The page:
So you have three functions: one to assign a Person to a Contact, one to edit the currently assigned Person, one to create a new Person who is then assigned to a contact. The trick is to keep the user from confusing the three. Ideally, you want some convention that is easy to learn and applicable not only for Person but for any data object on a form (Contact or others in your app). Here are some options, all which would need to be tested (of course).
Button per Object. Your current design concept really isn’t that bad: have a button beside each object to explicitly support editing. Its main disadvantage is clutter, but that might be worth it for providing excellent self-documentation especially if your users don’t frequently use the app, and editing the Person from the Contact form is an important function. The hard part is labeling the button clearly. “Edit,” at least in English, may imply “editing” the association of the Person to the Contact, not the Person’s attributes. Maybe something like “Details”? Leave it implied that the Person’s details may be edited.
Object control. I’ve suggested that drill-down functionality be part of an “object control” –an icon before the name that the user can select to perform various functions on the object via a centralized toolbar/menu bar or context menu (e.g., copy, delete). Drill down is the default action achieved by double-clicking. It assumes users will see it like the icon for documents in a file manager and double click it to drilldown for editing/updating. This approach makes some sense in your case since you have two actions: drill down and Create new person. However, I anticipate there may be some confusion in making Create (new object) a toolbar/menu item, because it can be ambiguous if it creates a new Person or creates a new association with a person (e.g., the user may think that Create inserts a second Person line to allow a single contact to be associated with more than one Person).
Link. Underlined colored text is a strong clue that the control leads to more information on the object. The problem is that really the person’s name should be underlined, but you can’t do that in a drop-down. One option is to make the “Person:” caption a link, but users may think that only provides information about the Person field or class on the form (e.g., what counts as a “person”), rather than information on an instance of a Person. A better approach would be to show the Person name as a read-only text link, and put a drop down arrow button beside it to select the person. The user clicks the name to view/edit the Person, but clicks the button to assign the Person.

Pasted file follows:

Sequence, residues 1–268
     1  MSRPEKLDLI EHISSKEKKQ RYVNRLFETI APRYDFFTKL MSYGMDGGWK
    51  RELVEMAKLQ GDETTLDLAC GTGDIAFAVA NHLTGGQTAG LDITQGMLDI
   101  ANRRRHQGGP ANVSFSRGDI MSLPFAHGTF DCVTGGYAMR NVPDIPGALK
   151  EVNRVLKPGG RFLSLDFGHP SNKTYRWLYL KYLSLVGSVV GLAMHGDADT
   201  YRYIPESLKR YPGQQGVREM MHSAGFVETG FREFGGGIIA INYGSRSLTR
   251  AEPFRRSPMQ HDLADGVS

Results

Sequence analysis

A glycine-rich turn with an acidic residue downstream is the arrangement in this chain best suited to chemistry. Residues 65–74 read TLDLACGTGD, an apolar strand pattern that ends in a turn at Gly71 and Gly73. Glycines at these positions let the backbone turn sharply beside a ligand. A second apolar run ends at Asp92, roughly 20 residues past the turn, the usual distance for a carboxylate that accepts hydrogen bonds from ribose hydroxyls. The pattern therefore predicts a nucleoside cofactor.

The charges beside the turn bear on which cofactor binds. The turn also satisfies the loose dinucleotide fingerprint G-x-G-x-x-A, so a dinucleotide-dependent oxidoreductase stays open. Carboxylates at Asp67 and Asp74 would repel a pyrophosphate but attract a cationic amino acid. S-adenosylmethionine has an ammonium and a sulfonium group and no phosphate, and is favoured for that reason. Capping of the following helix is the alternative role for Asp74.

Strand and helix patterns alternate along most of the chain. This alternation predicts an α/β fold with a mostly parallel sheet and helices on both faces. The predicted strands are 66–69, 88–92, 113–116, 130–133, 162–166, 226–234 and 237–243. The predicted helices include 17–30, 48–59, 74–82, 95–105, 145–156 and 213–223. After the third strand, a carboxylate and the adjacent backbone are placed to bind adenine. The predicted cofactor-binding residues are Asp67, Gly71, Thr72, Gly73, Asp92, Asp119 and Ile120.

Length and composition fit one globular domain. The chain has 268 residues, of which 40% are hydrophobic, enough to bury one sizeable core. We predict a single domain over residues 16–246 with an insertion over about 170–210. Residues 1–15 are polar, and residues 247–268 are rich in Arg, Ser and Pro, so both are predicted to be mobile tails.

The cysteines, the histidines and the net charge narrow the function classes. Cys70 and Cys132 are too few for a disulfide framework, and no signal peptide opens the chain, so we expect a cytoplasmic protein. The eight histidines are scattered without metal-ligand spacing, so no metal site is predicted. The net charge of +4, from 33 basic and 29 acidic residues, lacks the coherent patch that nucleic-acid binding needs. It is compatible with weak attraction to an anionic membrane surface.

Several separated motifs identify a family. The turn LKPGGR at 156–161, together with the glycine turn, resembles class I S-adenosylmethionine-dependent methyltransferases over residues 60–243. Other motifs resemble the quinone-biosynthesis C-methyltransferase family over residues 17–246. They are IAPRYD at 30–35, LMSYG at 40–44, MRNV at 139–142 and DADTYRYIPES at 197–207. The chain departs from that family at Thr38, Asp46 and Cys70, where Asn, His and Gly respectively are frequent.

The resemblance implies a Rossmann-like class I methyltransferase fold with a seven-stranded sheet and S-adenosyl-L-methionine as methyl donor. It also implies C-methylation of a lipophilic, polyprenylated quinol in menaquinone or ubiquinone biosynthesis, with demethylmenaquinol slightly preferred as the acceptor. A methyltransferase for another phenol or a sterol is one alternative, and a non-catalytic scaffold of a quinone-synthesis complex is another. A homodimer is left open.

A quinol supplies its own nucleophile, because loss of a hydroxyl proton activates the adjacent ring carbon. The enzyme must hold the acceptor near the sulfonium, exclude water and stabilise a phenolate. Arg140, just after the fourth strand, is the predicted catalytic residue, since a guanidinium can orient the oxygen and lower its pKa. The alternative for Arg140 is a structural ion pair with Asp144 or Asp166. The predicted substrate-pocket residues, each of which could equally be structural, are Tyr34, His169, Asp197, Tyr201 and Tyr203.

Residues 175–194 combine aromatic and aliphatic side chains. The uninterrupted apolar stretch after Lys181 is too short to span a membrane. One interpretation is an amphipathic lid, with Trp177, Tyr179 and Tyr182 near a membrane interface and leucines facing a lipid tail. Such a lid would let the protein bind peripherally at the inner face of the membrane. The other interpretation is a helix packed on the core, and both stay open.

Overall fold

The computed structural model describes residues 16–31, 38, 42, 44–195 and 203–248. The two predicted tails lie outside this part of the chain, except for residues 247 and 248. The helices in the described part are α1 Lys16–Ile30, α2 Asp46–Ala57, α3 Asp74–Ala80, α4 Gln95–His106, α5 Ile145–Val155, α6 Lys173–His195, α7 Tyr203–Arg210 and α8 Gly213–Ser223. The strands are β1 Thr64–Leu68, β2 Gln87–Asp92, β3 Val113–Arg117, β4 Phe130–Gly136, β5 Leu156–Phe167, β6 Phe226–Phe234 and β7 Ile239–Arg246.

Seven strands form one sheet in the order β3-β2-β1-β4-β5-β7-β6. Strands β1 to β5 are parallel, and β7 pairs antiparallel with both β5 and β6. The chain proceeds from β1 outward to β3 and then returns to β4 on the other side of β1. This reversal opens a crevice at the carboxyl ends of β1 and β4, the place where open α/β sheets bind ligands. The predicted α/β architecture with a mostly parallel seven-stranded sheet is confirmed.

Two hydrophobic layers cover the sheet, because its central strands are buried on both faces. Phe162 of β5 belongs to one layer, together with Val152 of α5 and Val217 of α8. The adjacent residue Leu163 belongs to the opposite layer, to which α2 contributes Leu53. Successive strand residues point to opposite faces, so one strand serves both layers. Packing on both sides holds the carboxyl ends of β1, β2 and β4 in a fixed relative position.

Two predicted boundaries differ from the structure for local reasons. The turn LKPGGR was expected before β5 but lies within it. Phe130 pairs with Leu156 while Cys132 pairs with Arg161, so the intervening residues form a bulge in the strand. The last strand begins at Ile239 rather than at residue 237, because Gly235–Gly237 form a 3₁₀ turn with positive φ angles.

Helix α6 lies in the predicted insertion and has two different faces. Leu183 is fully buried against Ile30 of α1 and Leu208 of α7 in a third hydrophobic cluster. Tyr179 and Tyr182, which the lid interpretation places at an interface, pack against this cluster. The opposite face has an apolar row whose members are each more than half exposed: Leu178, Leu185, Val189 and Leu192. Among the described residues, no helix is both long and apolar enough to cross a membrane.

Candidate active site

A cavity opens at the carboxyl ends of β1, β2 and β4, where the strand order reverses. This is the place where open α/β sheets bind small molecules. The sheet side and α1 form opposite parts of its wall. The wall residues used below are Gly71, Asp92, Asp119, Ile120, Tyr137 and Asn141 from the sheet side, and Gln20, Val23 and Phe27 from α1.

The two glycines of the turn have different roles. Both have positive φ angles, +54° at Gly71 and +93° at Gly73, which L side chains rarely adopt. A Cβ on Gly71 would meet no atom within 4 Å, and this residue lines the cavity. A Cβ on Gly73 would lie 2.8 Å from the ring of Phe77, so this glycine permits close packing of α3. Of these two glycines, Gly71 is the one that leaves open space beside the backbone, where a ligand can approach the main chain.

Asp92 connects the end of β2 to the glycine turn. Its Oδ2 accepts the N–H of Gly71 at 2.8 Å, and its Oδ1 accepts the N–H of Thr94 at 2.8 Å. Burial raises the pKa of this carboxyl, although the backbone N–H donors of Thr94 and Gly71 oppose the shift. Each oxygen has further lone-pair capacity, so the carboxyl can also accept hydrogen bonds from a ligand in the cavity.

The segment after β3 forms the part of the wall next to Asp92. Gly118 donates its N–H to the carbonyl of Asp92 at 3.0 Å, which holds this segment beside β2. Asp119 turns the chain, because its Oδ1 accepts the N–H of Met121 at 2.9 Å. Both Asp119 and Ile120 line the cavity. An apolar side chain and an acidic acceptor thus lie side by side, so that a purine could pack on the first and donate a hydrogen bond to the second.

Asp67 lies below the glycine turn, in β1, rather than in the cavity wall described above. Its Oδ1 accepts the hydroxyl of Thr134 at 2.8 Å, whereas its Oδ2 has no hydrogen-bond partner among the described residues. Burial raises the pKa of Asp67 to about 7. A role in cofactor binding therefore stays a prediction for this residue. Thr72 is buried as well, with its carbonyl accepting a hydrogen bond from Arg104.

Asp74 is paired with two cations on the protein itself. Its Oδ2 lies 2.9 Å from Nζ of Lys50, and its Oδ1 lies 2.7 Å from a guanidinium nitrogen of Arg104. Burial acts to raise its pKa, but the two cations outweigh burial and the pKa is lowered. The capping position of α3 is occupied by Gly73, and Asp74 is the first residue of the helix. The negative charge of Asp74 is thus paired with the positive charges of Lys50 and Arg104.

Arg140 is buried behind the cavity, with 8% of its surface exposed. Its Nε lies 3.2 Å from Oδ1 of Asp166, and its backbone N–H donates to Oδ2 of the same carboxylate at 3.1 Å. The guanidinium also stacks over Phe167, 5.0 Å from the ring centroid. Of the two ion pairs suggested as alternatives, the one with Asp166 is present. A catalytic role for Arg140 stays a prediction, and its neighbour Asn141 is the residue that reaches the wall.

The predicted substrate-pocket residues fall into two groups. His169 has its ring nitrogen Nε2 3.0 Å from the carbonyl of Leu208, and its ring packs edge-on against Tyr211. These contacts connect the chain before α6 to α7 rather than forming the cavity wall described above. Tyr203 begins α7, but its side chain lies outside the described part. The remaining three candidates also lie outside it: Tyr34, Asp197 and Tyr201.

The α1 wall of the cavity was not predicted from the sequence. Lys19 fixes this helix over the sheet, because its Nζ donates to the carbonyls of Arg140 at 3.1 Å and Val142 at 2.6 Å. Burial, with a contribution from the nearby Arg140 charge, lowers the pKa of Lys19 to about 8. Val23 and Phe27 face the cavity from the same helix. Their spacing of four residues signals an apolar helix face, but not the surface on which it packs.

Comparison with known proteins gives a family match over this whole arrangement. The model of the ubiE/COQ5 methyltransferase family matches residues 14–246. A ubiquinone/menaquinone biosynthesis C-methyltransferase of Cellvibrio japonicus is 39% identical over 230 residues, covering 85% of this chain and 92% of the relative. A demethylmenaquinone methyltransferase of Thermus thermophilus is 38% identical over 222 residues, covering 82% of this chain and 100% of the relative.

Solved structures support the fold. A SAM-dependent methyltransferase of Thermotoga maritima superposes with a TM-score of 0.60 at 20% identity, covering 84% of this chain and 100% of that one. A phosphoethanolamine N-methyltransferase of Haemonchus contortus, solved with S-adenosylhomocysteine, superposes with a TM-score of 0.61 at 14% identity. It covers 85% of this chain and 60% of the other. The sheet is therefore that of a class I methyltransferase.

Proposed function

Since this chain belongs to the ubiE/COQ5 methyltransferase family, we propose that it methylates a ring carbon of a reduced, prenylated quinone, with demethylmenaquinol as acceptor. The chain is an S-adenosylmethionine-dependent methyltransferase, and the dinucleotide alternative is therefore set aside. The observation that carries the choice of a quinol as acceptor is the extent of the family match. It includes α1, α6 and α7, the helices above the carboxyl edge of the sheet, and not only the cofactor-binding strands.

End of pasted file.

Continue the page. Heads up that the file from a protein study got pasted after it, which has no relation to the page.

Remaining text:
Pulldown Menu. If editing the Person from the Contact form is not that common –more a convenience than an essential function –then you could have a pulldown menu on the toolbar/menubar that opens the Person window. I say pulldown because the same menu would open any other form you have: Contacts, Organization, Projects, whatever. You probably need such a menu anyway. When no form is displayed, the Person menu prompts the user for the person’s identity (e.g., with a Search dialog), or it opens to some reasonable default (e.g., the last Person the user viewed). However, when a Contact is shown, the Person window opens to display the Person in the Contact –there’s only one, so it shouldn’t be ambiguous. Perhaps the user can then change the Person in the Person Window if it isn’t who they want to view/edit, which would not change the Person assigned to the contact. That’s good flexibility, but users may also be confused by it.
This one is trickier.
Button per Object. Your design is probably the best for self-documentation. Again, its main disadvantage is clutter, but it might be worth it. The key is getting the label right.
Object Control. I described this above and why I’m skeptical of how well it would work. But if you have multiple actions available for Person, it might be worth trying.
Create from Edit. You could integrate this functionality with any of the edit/view options from above. If the users click for edit/view when the Person field is blank, they’re presented with a blank Person window to fill out and create a new instance. Kinda makes sense. Title and label changes confirm a new Person is being made. If the Person field is not blank then edit/view opens the window for that person, but the window includes a button to create a new Person.
Type to Create. If the person’s name is the only required field, then maybe change the dropdown list to a combo box, and let the user simply type in the name of the new person. Saving the Contact form then creates a new Person instance with that name. Let them enter details about the person whenever through the Person Edit/View feature. The main risk is users accidentally creating the same person twice with slightly different name spellings resulting in two records for the same person. The chance of this can be reduced by providing some annunciation beside the field that the app recognizes the input as a new creation.
The Person Dropdown.. The Person Dropdown could include a Create New Person item either at the beginning or end of the dropdown list of existing Persons. Selecting this option opens the Create Person form. It’s weird for a dropdown list to open anything (that isn’t on the web), but it might be effective.
Nothing. If creating a new Person not part of the usual workflow for entering a Contact (usually users create Persons elsewhere), maybe you don’t want to support this from the Contact form at all. Instead, a Person is created however it’s usually created. If the user is entering a contact and realizes the Person doesn’t exist, they go through the standard person-creation procedure elsewhere. If all your forms are modeless (probably should be), this won’t mean much more work. It assumes the Person dropdown on the Contact form updates as soon as the user saves the new Person.